Beyond Names, Dates & Birthplaces
Previously—and, yes, it’s been a while—we looked at the Jonathan Clark family as enumerated on the population schedule of the 1850 U. S. Federal Census. If you missed those posts, here are the links for Part 1, Part 2 and Part 3. Take a look at those, and you’ll learn some key facts about the Clarks: the names and ages of each person in the household, and where each was born. That’s important information, but not all. In 1850, the census bureau wanted to know more, and if we look carefully we can discover some interesting things about the family:
How successful were Jonathan and Mary as farmers? We can’t tell exactly what they grew in 1850, or how productive the farm was, even though in 1850 those details—and many others—were collected on six additional federal census schedules. Sadly, after that data was aggregated at the local, county, state and national levels and published by the U. S. Census Bureau, those non-population schedules were destroyed. But we can see on our 1850 population schedule (line 6, cols. 7, 8) that Jonathan M. Clark, farmer, owns real estate valued at $5,000. That’s real money for the mid-1800s. The land, a total of 160 acres, originally patented by Jonathan at $1.25 per acre (80 acres in 1839 and 80 more in 1843), was now worth either $31.25 per acre for just the land or —more likely— the value of the handsome stone house and barn (no longer extant) are included in his “value of real estate owned,” which would lower the per-acre value of the land somewhat. Either way, by 1850 Jonathan and Mary had already achieved a substantial return on investment.
Jonathan certainly benefitted by arriving with the first groups of settlers in old Washington County, and purchasing land directly from the federal government at a very low price. But he and Mary were real settlers, not land speculators. They must have worked hard in their first decade together, clearing the land, building the stone house and barn, and working the farm, to have realized such substantial gains. Scanning the 1850 census pages shows that Jonathan is one of the most successful farmers in the Town of Mequon, owning real estate worth more than that of other early settlers, including most of the Bonniwell family, neighbor Jesse Hubbard, and even his father-in-law, Peter Turck. (One notable exception is merchant William T. Bonniwell, who owned real estate—including another, even grander, stone house—valued at $10,000.)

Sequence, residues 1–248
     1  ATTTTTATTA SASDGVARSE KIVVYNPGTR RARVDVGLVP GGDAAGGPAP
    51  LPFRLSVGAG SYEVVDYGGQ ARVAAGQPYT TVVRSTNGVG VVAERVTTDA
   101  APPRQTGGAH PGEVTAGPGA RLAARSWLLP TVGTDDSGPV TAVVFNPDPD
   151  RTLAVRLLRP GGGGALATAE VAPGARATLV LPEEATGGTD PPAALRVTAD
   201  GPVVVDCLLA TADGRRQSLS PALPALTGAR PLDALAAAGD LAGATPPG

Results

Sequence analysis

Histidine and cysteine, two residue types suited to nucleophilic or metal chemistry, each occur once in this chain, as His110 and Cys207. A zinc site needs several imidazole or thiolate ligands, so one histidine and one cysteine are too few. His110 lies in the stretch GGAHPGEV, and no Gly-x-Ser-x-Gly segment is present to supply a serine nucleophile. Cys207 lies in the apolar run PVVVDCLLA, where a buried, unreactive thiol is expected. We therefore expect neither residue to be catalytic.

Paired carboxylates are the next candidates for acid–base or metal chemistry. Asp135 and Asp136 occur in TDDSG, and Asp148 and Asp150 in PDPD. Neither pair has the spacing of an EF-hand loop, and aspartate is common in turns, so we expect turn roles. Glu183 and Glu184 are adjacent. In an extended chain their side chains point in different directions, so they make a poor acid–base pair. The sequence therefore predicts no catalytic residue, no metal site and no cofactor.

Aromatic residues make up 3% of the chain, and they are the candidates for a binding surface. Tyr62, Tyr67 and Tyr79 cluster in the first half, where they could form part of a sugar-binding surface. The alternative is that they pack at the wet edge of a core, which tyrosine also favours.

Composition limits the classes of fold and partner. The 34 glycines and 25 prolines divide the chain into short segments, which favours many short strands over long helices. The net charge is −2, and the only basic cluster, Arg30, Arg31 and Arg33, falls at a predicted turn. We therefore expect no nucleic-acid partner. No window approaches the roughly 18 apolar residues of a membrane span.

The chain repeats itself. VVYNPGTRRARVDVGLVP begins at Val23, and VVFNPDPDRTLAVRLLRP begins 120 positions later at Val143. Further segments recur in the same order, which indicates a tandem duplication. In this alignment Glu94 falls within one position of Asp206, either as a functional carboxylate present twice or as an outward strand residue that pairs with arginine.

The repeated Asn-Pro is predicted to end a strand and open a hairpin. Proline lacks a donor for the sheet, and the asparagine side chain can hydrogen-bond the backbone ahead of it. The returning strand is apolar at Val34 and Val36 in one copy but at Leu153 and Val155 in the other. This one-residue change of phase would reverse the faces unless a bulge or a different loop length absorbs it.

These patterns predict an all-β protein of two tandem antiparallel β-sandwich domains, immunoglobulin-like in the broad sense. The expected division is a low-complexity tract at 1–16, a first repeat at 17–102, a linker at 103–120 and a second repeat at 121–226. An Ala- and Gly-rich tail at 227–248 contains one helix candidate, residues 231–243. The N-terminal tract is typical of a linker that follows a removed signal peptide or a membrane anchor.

The Clarks were also able to hire an extra hand for the farm, John Buck. This must have been an essential expenditure, otherwise Jonathan—and the 16-year-old Arthur Clark—would have been the only adult males to work Clark farm’s 160 acres. And Mary Clark had her hands full, raising five children of her own, feeding and clothing a household of eight, and attending to her full complement of exhausting daily domestic and farm chores.
Also on this census, we find the two oldest Clark children, Caroline (age 9) and Henry (7), attended school in the past year. Schools were an early priority in old Washington/Ozaukee county. The Ozaukee County Historical Society holds the original minutes from the first meeting of the public school committee for the town of Mequon, November 15, 1843, led by Jonathan M. Clark, his father-in-law Peter Turck, and neighbor William T. Bonniwell. Even earlier, in the summer of 1839, nineteen-year-old Mary Turck—not yet married to Jonathan Clark—taught Mequon’s first classes in the attic of her father Peter Turck’s log house.
According to the official U.S. Census report for Wisconsin (click here for a pdf), there were still not any colleges or “academies” in old Washington county, but there were 70 public schools with 70 teachers and a total of 2,894 pupils; an average—if all the children were in attendance—of about 41 students per teacher. The schools were funded that year by $2,589 in county taxes and $1,340 from “other sources,” for a total annual county school budget of $3,929. Eagle-eyed contemporary taxpayers will note that’s an expenditure of approximately $1.52 per pupil for the year 1849-50.
That ends our look at the Clark family on the 1850 census. But, as always, questions remain. For one, who was the Clark’s hired man, John Buck? The 1850 census says he was a 30-year-old laborer, born in Germany. From where in “Germany” and when did he immigrate? Did he have family in America? Where did he go after 1850? I don’t know. I’ve looked far and wide for a 30-year-old German in America, born around 1820, named John, Jack, Joh., Johann, Johannes, or Hans, surnamed Buck, Back, Beck, Peck, Bach and so on. There are historical records suggesting several possible candidates that might be the same John Buck that was living with the Clarks in 1850. But which one is he?. Did he die? Move on? Go back to Germany? I’m not sure. Perhaps one of our readers knows? If so, please comment or contact me.
And the final, most intriguing mystery from the Clark family’s 1850 census remains: who was Arthur Clark?
Arthur Clark. In 1850 he was 16 years old, 22 years younger than Jonathan M. Clark. Like Jonathan, he was born in Vermont. He didn’t attend school (probably too old), he can read and write, and he is not deaf, mute, blind or developmentally impaired. He has no occupation listed on the 1850 census, though it’s likely he helped on the farm.
So who is Arthur? Is he related? Jonathan’s brother? cousin? Is he a link to solving the puzzle of who Jonathan Clark’s parents were, and where they came from? Or yet another random “Clark” from New England? To find out, look for our next History Mystery! here at Clark House Historian.
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